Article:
Ann N Y Acad Sci. 2001 Mar;933:57-67.
Repeated formaldehyde effects in an animal model for multiple chemical sensitivity.
Chemical intolerance is a phenomenon observed in multiple chemical sensitivity (MCS) syndrome, an ill-defined disorder in humans attributed to exposure to volatile organic compounds. Amplification of symptoms in individuals with MCS resembles the phenomenon of psychostimulant- and stress-induced sensitization in rodents. We have recently tested in rats the hypothesis that repeated chemical exposure produces sensitization of central nervous system (CNS) circuitry. A rat model of MCS in our laboratory has employed several endpoints of CNS function after repeated formaldehyde (Form) exposure (1 h/day x 5 days/week x 4 weeks). Repeated Form exposure produced behavioral sensitization to later cocaine injection, suggesting altered dopaminergic sensitivity in mesolimbic pathways. Rats given repeated Form also demonstrated increased fear conditioning to odor paired with footshock, implicating amplification of neural circuitry guiding fear responding to a conditioned odor cue. Recent studies examining the effects of repeated Form on locomotor activity during each daily exposure showed a decrease in rearing activity after 12-15 days of Form exposure compared to air-exposed controls. EEG recordings taken 1 week after withdrawal from daily Form revealed altered sleep architecture. Some of the differences in sleep disappeared after subsequent brief (15 min) challenge with Form the next day. Overall, the findings indicate that repeated low-level chemical exposure produces behavioral changes that may be akin to those observed in individuals with MCS, such as greater sensitivity to chemicals manifest as increased anxiety upon chemical exposure and altered sleep and/or fatigue. Study of the underlying CNS changes will provide a basis for mechanistically based animal models for MCS.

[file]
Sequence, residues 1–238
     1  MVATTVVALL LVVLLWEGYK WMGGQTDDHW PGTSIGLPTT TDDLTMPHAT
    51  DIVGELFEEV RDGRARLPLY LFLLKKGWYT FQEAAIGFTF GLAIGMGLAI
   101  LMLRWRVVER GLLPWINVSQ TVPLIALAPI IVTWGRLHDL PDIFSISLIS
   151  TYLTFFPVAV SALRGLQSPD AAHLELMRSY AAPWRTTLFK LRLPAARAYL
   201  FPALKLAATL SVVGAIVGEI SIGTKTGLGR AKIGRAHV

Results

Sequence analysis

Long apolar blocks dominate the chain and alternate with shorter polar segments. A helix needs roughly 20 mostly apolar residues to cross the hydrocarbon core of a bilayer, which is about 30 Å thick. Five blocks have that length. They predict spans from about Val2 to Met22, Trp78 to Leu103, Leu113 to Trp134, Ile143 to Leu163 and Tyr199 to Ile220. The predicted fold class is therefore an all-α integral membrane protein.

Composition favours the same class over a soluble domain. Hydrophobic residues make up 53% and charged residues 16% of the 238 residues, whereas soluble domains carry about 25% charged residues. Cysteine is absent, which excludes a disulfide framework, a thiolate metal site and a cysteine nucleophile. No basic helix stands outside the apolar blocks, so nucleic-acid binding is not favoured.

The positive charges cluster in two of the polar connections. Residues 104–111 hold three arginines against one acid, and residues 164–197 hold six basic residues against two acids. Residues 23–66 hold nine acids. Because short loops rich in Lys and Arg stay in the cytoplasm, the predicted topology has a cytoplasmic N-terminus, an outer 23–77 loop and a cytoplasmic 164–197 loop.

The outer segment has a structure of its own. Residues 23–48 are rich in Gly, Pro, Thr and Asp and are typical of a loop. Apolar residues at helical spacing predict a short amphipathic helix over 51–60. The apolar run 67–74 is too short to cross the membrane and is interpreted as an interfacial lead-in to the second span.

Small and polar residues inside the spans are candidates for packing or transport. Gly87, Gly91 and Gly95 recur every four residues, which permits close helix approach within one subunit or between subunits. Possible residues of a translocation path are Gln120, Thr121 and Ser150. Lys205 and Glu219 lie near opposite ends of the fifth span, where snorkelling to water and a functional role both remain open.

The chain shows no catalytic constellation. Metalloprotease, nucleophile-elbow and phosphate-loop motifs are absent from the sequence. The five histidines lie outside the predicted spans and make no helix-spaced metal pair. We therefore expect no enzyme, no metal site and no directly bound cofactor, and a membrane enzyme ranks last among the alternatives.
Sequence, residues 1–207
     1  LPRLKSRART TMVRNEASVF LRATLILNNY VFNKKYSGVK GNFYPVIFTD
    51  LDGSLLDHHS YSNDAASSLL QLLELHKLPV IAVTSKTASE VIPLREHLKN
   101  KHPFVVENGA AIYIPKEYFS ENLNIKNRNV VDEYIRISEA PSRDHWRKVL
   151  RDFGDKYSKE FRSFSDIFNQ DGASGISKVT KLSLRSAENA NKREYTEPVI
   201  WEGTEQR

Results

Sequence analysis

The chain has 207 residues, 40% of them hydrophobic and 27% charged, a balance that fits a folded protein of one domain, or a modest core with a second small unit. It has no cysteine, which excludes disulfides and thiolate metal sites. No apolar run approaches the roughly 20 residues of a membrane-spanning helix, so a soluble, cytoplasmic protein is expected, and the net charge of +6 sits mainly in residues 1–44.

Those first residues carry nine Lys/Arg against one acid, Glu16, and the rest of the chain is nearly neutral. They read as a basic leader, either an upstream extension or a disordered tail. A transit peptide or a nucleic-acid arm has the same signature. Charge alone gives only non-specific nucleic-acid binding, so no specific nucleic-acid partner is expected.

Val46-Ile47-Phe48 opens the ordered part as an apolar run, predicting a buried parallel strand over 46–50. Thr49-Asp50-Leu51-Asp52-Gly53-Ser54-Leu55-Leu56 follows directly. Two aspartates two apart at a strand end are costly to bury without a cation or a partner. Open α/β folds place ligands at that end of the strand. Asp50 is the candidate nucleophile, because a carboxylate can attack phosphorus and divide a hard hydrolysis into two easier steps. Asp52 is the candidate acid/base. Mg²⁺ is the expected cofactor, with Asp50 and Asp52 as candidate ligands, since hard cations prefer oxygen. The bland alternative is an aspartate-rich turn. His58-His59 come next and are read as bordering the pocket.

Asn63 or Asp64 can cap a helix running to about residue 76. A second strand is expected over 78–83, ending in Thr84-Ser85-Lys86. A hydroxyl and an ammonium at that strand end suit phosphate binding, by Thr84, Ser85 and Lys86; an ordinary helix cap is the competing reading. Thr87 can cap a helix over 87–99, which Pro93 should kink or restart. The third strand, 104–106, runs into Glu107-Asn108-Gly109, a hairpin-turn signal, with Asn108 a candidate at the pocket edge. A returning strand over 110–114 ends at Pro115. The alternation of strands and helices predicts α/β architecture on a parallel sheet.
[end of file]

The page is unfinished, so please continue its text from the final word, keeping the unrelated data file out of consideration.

PMID: 12000036 [PubMed - indexed for MEDLINE]